4. K3JGT

    K3JGT Ham Member QRZ Page


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    WB2WIK.... Thank you very much for the perspective. I'm slowly coming back to the position of just going with coax and throwing up individual or fan dipoles. I'm especially pleased to hear about your success with the 200' runs of RG-213.
     
    Last edited: May 10, 2020
  5. K3JGT

    K3JGT Ham Member QRZ Page

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    WG7X. Thank you. I really appreciate the real world experience.

    And, Yes ! I definitely need to get off the end fed antenna before powering up. After getting some opinions, I'll probably go with coax fed single band dipoles or fan dipoles. That's what I grew up on!

    Jim
     
  6. WB2WIK

    WB2WIK Platinum Subscriber Platinum Subscriber QRZ Page

    You didn't discuss how much room you have to play with, but if you can live with 80/40/20/15/10 meters, a pre-made "fan" (parallel) dipole that is time-proven to work very well is the Alpha-Delta model DX-CC. It covers "all" of 40-20-15-10m, and a decent portion of 75m or 80m and just works. It can't cover the whole 80m band, as it's inductively loaded on that band (only) and is only 82' long; but you can adjust its length to cover about 100 kHz of either 75m or 80m, and for some, that's enough.

    Of course, a "longer" (130' long) homebrew parallel dipole could cover at least half the band on 80m, along with other bands having elements. 1/2" PVC tubing from Home Depot works well as "spreaders," and a very good parallel dipole can be homebrewed using all-new materials for less than $100 (plus the cost of coax), even including a good homebrew 1:1 current balun for the feedpoint.
     
    WA4SIX likes this.
  7. N7WR

    N7WR Premium Subscriber QRZ Page

    I run an amp (1KW). The amp sits next to the exciter and about 4 feet from the in shack computer. I have 3 different antennas each of which has a separate feedline, through lightening arrestors, to a remote switch in the shack. The coax run to each antenna is LMR 400 and each antenna is 100 feet from the shack (in 3 different directions). Each antenna is resonant on the designed bands so I do not have an antenna tuner. Absolutely no RFI into the house at all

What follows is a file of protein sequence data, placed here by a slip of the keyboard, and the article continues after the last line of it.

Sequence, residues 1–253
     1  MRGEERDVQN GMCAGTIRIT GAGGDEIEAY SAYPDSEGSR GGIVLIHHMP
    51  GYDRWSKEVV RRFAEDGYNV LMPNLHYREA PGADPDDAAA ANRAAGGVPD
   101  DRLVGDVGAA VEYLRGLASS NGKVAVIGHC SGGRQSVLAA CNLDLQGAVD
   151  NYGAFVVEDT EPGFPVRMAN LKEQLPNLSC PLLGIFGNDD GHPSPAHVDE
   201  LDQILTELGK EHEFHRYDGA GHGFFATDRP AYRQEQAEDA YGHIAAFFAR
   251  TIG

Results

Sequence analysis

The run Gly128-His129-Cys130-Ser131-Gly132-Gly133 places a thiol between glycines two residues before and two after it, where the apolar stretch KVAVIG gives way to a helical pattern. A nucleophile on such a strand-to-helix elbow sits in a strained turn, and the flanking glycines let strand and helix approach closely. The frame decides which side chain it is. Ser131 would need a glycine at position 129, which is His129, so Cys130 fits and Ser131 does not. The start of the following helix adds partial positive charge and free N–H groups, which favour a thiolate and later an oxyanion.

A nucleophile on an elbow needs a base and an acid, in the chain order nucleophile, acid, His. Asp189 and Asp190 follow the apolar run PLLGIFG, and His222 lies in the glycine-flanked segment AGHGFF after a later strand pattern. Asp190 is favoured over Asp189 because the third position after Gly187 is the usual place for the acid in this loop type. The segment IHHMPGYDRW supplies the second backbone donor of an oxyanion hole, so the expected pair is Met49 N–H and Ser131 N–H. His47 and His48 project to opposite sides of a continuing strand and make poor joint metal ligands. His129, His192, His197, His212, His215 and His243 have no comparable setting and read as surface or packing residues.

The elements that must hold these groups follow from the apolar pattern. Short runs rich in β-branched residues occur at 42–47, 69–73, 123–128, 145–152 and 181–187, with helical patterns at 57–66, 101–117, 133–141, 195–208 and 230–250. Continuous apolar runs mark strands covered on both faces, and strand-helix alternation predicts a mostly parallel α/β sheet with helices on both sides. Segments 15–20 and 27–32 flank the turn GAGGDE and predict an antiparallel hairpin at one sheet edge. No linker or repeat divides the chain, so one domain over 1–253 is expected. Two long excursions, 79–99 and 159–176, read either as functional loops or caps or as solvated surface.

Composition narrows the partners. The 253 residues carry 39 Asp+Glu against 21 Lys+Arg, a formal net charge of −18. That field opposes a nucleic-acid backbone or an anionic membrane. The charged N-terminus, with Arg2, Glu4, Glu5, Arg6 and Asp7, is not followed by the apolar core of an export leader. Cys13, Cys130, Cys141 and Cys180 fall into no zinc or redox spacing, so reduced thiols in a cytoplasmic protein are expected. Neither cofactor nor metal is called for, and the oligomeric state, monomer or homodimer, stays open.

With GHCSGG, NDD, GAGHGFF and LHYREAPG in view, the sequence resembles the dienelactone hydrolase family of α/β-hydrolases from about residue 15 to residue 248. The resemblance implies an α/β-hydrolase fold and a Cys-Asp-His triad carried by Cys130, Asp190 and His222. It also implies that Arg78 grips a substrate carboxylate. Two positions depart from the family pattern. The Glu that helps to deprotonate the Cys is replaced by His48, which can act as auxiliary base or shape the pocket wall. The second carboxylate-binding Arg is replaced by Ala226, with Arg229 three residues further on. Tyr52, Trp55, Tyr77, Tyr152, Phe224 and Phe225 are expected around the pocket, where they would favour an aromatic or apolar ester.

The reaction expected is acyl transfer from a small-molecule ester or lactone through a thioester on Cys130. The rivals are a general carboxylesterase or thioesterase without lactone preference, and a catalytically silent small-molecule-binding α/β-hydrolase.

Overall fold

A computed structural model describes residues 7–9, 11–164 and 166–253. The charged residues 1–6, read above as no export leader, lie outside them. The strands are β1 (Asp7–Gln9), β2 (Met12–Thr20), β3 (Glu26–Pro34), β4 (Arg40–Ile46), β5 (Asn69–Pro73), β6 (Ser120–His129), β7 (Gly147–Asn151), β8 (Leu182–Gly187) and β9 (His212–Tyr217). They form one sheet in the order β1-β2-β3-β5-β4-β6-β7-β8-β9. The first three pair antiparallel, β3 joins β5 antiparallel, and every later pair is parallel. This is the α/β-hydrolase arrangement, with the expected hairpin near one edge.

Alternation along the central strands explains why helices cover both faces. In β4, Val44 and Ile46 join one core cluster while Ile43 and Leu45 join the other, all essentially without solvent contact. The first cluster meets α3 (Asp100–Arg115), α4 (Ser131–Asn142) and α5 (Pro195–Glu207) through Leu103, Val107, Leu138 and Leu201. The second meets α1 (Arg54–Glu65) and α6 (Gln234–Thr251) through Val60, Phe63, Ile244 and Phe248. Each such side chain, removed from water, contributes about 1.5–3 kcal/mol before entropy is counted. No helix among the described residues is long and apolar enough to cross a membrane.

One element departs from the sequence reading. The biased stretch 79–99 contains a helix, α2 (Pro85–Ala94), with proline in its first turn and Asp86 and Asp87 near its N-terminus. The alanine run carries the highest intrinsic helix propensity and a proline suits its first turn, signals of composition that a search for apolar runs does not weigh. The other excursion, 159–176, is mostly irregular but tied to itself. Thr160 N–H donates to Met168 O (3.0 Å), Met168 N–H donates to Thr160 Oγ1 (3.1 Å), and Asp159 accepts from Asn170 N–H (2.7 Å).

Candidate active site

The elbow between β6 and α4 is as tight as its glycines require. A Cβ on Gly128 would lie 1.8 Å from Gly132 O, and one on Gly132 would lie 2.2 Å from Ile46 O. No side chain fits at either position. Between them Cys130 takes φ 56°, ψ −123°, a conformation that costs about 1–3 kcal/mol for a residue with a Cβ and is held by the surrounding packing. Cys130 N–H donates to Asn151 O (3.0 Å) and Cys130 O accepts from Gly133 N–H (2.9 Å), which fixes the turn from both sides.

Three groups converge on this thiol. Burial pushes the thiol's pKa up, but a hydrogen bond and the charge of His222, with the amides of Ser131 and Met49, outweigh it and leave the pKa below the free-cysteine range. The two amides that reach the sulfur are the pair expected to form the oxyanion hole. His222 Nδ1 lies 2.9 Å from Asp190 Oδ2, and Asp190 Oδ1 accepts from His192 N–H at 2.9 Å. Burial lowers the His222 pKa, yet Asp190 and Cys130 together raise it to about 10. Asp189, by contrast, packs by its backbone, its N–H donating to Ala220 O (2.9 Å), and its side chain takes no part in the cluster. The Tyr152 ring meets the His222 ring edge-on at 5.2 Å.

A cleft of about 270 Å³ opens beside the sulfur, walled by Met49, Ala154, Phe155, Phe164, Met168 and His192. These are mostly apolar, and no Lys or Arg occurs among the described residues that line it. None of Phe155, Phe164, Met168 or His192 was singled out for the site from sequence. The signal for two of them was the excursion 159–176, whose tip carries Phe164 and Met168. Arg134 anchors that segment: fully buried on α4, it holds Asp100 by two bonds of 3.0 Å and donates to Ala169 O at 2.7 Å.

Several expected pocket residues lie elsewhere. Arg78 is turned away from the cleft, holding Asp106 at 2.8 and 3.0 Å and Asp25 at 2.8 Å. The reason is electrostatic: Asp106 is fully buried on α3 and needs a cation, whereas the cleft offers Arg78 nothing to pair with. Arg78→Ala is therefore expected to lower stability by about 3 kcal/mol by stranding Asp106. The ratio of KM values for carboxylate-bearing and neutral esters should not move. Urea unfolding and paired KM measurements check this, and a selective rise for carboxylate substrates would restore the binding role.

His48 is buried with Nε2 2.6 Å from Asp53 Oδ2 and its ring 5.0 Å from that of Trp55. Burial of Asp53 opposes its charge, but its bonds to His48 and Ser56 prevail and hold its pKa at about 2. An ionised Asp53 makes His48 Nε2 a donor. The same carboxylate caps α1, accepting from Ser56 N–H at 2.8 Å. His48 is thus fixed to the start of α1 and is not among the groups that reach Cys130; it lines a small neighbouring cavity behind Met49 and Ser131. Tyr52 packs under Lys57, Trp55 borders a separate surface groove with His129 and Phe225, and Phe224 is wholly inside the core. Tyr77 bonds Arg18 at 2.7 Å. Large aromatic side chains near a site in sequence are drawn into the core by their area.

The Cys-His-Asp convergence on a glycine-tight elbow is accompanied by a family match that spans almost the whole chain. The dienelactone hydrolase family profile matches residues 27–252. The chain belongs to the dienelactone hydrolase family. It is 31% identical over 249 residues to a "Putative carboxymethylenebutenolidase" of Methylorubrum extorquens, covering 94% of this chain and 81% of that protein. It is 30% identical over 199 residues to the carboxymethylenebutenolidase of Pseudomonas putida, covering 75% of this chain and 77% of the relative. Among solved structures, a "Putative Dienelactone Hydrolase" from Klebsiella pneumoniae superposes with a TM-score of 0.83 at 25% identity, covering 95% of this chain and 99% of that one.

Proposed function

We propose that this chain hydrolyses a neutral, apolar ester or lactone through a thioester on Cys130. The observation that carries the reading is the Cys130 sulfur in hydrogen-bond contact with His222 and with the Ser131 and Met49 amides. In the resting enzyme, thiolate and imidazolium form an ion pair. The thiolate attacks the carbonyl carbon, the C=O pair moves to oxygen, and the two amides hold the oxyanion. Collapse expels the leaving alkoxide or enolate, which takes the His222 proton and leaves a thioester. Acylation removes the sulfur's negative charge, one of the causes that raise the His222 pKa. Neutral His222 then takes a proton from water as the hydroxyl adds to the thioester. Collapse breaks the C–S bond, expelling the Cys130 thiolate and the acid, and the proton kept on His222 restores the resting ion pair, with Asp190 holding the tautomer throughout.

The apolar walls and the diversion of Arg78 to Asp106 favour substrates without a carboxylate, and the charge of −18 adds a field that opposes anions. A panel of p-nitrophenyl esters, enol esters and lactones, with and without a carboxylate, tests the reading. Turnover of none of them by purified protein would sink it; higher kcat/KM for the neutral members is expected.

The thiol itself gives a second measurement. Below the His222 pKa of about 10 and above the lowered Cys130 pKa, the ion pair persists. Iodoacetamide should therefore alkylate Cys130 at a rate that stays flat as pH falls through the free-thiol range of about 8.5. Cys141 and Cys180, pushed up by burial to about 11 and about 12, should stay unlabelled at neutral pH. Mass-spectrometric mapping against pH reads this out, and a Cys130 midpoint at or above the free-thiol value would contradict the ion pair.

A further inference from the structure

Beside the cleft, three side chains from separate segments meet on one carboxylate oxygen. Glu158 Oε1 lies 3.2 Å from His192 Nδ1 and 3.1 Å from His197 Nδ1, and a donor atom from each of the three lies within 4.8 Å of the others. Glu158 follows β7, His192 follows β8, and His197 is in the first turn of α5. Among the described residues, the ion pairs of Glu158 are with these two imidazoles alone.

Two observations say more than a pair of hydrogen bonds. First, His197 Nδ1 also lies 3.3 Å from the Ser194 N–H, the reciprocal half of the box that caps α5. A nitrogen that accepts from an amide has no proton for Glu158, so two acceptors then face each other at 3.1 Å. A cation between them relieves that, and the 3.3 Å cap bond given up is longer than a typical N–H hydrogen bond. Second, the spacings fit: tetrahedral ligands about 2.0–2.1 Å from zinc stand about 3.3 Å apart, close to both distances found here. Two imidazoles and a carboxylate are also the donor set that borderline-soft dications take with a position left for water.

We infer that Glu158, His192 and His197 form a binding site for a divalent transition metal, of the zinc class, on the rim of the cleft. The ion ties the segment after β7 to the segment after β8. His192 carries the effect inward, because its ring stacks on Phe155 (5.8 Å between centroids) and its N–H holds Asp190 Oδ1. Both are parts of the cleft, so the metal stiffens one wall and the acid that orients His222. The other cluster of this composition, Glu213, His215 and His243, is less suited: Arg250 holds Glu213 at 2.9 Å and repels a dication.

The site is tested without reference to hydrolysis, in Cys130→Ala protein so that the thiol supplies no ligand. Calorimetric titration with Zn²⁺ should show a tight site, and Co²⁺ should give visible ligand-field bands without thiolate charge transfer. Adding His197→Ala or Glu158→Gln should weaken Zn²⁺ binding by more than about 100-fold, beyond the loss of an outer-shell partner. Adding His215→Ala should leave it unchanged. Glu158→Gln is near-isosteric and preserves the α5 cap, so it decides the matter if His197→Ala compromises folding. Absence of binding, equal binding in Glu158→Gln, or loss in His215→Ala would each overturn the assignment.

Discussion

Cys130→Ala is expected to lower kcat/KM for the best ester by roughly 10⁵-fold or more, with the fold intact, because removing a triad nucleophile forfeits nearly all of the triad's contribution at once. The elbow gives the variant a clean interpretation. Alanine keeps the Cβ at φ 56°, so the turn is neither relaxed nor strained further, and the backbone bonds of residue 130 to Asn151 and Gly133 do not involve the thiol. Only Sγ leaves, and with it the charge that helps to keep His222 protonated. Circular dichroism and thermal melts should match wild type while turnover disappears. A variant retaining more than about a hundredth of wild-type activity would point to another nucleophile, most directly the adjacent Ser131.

8. N4UP

    N4UP Premium Subscriber QRZ Page

    Echo the comments regarding coax and distance from shack to antenna. My TX antennas are between 100-400 feet from the radio room.

    I have no appreciable losses on any of my feedlines. Some of my antennas I feed with RG-213, but I have a preference for direct-burial DXE-400-MAX. Not that I could tell much difference.

    I routinely run legal limit 160-10 meters ( 1500 watts except 200 on 30 ) with no RFI issues from any of my antennas.

    Bottom line, if done properly you should have no RFI issues running an amp.
     
  9. K1LKP

    K1LKP Platinum Subscriber Platinum Subscriber QRZ Page

    JIM,

    THE QRZ FOLKS HAVE PROVIDED YOU WITH A LOT OF TOP NOTCH SCOOP.....BRAVO.....

    WE ARE HAVING LOADS OF FUN HELPING YOU SPEND YOUR HARD EARNED MONEY.

    IF YOU ARE GOING TO USE COMPUTERS IN YOUR SHACK.......BE PREPARED FOR JUST ABOUT ANYTHING
    AS IT RELATES TO RF GETTING INTO THE EQUIPMENT / COMPUTERS.

    YOU MIGHT HAVE TO SPEND A LITTLE MORE FOCUS ON GROUNDING AND THE ACTUAL LAYOUT OF YOUR
    EQUIPMENT AT YOUR OPERATING POSITION. ..... THREE CHEERS FOR SNAP ON FERRITE CORE SPLIT BEADS.

    HAVE FUN AND ENJOY YOUR AL 811H

    73 - K1LKP
     
  10. K3JGT

    K3JGT Ham Member QRZ Page

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    WB2WIK.... I like the idea of the spreaders. In the past I just sort of ran my wire legs in slightly different directions or drooped them under one another. Also, concur on the home-brew approach. The only antenna I ever had that really disappointed was one I bought new off the shelf.

    Thanks again... Jim